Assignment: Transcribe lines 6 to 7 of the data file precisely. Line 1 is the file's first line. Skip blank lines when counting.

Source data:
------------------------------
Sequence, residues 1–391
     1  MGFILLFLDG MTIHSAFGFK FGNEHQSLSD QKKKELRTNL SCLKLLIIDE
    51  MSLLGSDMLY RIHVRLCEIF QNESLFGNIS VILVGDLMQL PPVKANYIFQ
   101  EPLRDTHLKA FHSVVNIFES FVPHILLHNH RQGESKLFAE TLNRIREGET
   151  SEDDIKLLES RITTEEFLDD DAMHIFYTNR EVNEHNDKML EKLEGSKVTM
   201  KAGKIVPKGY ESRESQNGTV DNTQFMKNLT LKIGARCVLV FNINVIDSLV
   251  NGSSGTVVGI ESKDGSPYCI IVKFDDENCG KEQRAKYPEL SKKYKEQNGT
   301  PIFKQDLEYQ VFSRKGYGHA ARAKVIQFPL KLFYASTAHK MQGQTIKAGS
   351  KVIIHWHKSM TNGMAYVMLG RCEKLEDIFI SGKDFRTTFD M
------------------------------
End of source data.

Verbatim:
   201  KAGKIVPKGY ESRESQNGTV DNTQFMKNLT LKIGARCVLV FNINVIDSLV
   251  NGSSGTVVGI ESKDGSPYCI IVKFDDENCG KEQRAKYPEL SKKYKEQNGT